The Mysteries

The pathology report is full of mysteries, and the surgeon says, Do you have any questions, secretly hoping that you don't. O please please don't have any questions, she's silently begging, that's why I'm standing up instead of sitting down and not caring what your mother's name is. (Our friend the costumed activist has a sister who's a doctor in a small Northeastern state. Her employer, the largest medical institutition in the state, has informed her that she spends too much time with her patients. And, horror of horrors, she SITS DOWN with patients. Stand up, girl, the bosses are telling her.)
L alleges that the oncologist tomorrow will answer all. We'll see. It makes me angry that the report is deliberately written to obscure. Would it kill them to have a glossary attached? Or to double-space the report so that you'd have room to write notes? I have Stage 2a, which I always thought I had. Why did the physician assistant have to go out of the room and check this? Wouldn't she have it right there at hand? I have lobular carcinoma in situ, which has a 20 percent chance of showing up in the other breast. I also have invasive breast cancer, which is 15 percent likely to show up in the other breast. Are these calculated together or separately, meaning do I have a 35 percent chance of getting some kind of cancer in the other breast? The largest tumor is 4 cm. My tumors dine on estrogen and progesterone. That sort of tumor-diet is more common among the post-menopausal. I am a meno woman, never pausing, bearer of the never-ending period, it flows from a normal cycle into a pseudo-period egged on by the fibroids. Without chemo, I have about a 70 percent chance of not getting cancer again. The thing, Dr. Susan Love points out, is you have to find out what your chances are *with* the chemo and "without* and figure out if chemo's worth the difference. Between each appointment with The Expert, you think: This One will explain all... I think I will get a second chemo opinion.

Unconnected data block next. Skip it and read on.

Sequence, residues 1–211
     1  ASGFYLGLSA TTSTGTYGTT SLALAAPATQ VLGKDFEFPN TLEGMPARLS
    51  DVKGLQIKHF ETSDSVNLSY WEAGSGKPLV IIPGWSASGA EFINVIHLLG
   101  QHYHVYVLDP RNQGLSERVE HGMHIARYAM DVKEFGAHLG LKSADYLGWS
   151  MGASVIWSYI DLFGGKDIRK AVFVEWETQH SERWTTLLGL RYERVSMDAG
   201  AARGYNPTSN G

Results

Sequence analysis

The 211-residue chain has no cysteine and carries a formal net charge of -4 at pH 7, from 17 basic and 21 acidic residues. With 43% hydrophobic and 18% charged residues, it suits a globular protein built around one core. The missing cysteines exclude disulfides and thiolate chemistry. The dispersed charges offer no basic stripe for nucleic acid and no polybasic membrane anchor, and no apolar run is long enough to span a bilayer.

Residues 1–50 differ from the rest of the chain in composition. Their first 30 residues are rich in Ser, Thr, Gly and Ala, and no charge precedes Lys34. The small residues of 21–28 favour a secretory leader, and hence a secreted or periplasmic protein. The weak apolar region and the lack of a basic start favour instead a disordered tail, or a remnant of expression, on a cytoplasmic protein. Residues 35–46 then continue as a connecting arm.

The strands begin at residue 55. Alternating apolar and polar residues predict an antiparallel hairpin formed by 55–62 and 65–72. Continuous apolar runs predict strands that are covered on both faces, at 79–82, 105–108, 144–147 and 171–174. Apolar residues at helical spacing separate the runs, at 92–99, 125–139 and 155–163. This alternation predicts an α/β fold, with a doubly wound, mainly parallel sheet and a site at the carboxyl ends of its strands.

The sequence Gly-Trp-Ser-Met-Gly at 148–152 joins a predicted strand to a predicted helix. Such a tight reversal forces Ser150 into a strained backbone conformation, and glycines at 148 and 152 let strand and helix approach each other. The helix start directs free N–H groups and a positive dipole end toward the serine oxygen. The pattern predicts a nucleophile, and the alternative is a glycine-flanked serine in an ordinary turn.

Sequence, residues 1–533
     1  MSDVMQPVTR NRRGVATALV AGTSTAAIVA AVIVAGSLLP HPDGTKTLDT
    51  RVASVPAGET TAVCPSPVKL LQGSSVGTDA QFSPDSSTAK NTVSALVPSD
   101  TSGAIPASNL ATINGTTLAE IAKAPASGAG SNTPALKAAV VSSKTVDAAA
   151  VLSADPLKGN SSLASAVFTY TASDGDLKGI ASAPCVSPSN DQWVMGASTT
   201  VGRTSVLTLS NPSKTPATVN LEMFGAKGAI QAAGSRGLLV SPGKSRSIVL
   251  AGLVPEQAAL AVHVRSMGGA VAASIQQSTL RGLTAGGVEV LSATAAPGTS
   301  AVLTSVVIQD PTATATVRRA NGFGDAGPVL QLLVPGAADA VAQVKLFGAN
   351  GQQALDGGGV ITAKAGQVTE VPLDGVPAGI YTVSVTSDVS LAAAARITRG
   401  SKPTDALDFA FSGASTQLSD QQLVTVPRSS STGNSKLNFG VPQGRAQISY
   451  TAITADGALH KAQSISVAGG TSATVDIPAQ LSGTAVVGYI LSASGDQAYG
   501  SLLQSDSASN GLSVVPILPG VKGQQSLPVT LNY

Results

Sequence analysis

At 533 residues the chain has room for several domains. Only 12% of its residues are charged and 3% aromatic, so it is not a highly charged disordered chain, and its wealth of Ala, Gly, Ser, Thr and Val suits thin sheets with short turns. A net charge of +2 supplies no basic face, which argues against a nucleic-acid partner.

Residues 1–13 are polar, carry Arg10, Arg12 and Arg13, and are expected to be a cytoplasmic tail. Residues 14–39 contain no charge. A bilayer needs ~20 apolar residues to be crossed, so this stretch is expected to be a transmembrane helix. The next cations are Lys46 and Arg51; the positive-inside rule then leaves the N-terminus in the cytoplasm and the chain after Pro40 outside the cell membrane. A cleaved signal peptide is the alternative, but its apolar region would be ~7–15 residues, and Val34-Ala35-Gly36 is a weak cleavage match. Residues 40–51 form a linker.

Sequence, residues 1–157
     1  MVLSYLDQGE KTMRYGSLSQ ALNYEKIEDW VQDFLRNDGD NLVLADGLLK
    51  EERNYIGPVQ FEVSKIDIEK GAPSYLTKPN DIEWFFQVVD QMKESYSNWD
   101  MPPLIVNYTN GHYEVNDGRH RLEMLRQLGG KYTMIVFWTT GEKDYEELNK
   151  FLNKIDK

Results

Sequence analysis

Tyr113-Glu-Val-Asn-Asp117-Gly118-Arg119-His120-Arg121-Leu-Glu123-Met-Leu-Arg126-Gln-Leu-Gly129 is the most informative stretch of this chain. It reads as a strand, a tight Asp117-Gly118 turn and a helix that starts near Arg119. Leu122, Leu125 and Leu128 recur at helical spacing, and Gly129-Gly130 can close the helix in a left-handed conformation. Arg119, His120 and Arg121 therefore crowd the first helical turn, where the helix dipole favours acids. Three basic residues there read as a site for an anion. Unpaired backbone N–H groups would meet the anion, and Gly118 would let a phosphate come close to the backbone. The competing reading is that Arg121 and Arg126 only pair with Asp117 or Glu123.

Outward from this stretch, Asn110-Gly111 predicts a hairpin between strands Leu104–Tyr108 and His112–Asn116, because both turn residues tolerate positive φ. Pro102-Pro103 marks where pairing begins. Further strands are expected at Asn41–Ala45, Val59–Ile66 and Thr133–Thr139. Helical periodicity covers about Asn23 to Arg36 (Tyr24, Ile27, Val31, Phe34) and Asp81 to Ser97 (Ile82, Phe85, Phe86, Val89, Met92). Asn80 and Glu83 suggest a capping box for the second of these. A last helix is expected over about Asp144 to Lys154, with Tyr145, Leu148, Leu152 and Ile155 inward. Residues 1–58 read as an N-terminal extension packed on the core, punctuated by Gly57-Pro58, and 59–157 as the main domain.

I still have to wear the damn tubes, which hurt when I walk.

This cancer is starting to wear me down.

11 comments:

Garry Cooper said...

Cancer is like life (in fact, it IS life, growing exponentially): there are no definitive answers, save one, and these days you probably don't want to hear about that one answer.

There's no eternal life and the only salvation is to live this one as well as you can, which entails knowing that the sands are always running out. Cancer is the universe's way of answering our futile and fear-based fantasy that we'll live forever, or at least as long as we deem fit, or wish to. We have forgotten The Fates, who always snip the scissors, though they of course haven't forgotten us. All of which is to say, don't look for completely clear answers and incontrovertible odds from your oncologist. Make the best decision you can, don't look back, and go on living until, in the end, like everyone else, you stop.

Garry, dropping in from www.whirlednewstonight.blogspot.com

Joshua said...

All I have to say is, "Exactly!" It is not enough that you have to deal with one of the most complicated diseases in existence, but the doctors want to play hide and seek with the information. Aren't we too old for that? So is it just they enjoy confusing you, or do they actually not know the answer? Is it a power thing? Am I blogging or commenting on a blog? I'm so confused! Great piece, though.

Susan Messer said...

Well, it's interesting to think that cancer is like life--hard to understand, hard to get clear answers, hard to make decisions about. Still . . . I like the bold, honest, angry voice--not afraid to expect these so-called experts to put out with the expertise.